Further, the creation, collation and management of data, as well as the systems architecture required to address Mifid II implementation to take place effectively, will challenge many firms.
To meet such extensive data and systems requirements, early planning and engagement across the areas impacted will be paramount in ensuring that an organisation gives itself the best possible opportunity to deliver within the timescales. Also of concern to market participants is the effect of the transparency requirements, especially in fixed income markets. Fragmenting and reducing liquidity pools, broadening bid-offer spreads and rising costs of trading will all need to be factored into investment and trading strategies.
Investor protection requirements
Although much of the focus has rightly been on the impact on the financial markets (including those who participate in the commodities markets), there are also new or changing requirements in the investor protection requirements.
Even in the UK, where the FCA has already taken the lead on some of the investor protection issues, such as product governance and conflicts of interest, the audience at the Protiviti seminar felt that there is still significant work to do. In particular:
· The additional product governance requirements codify many of existing UK regulatory expectations. Those that manufacture products will be required to maintain a product approval process, identify the target market for each product and ensure that all relevant risks to that target market are assessed appropriately and reviewed periodically. The supply of information between manufacturers and distributors is arguably new, particularly in continental Europe.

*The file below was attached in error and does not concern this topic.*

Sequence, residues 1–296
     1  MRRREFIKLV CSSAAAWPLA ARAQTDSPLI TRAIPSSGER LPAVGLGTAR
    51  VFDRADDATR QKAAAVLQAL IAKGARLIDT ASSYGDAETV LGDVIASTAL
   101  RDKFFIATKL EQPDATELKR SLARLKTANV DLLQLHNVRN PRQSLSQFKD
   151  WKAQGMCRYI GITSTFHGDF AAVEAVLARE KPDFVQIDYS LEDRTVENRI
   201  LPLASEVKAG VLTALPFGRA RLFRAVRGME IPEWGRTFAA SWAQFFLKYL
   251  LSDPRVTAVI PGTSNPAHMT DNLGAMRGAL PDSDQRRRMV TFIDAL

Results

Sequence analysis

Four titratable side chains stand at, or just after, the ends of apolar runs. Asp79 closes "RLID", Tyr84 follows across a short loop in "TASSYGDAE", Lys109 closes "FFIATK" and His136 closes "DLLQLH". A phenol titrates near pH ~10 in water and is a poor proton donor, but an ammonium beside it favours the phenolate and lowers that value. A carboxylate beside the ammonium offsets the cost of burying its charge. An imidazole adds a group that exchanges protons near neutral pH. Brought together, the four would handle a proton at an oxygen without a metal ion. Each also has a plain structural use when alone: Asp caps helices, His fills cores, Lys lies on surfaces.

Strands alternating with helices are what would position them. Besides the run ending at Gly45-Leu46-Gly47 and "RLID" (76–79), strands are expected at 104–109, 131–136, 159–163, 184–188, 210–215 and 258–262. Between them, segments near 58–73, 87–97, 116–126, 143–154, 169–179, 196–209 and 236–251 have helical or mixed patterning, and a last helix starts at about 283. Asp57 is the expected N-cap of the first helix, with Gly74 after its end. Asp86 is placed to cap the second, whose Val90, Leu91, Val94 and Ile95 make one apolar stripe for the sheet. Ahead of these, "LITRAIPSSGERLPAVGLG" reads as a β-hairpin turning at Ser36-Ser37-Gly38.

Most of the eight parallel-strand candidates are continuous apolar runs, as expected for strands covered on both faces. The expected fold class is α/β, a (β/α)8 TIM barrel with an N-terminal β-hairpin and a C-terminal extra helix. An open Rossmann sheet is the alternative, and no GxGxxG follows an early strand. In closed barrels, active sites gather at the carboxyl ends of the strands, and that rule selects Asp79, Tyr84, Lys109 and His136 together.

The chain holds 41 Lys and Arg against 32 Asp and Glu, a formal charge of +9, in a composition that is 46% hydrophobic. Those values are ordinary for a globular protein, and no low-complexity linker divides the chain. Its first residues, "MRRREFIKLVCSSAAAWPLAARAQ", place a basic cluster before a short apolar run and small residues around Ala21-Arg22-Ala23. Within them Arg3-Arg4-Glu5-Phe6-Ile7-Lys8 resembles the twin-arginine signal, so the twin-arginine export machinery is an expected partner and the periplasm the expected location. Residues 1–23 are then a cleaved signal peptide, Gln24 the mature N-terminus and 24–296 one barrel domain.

· The narrowing definition of which instruments are non-complex could have a damaging effect on the distribution of products, especially where there is a reluctance to use the appropriateness test for execution-only transactions.
· The fragmenting approach by different European regulators in respect of fees and commissions means potentially different approaches in different EU jurisdictions.
· As well as clearly identifying conflicts of interest, Mifid II places an onus on firms to avoid them, rather than, as was historically the case for many firms, simply to rely on disclosure of them. This may well have an impact on business models.
It will be imperative that firms gauge the consequences these (and other) new and amended requirements will have on their businesses early on, so that the impact can be factored into any business decisions that need to be made.
The breadth and complexity of Mifid II creates some new dimensions in comparison with previous regulations. Ultimately, however, participants will face similar business change challenges as they do with many of the other equally complex non-regulatory change initiatives within their organisation.
Implementing Mifid II could just be seen as simply a compliance issue. Viewing it as a business change initiative will give you the opportunity to save or at least minimise costs. Treating it this way will also enable you to achieve synergies in the impact on people, processes and technology alongside all your other commercial imperatives.
The results of Protiviti’s Mifid II survey can be accessed here.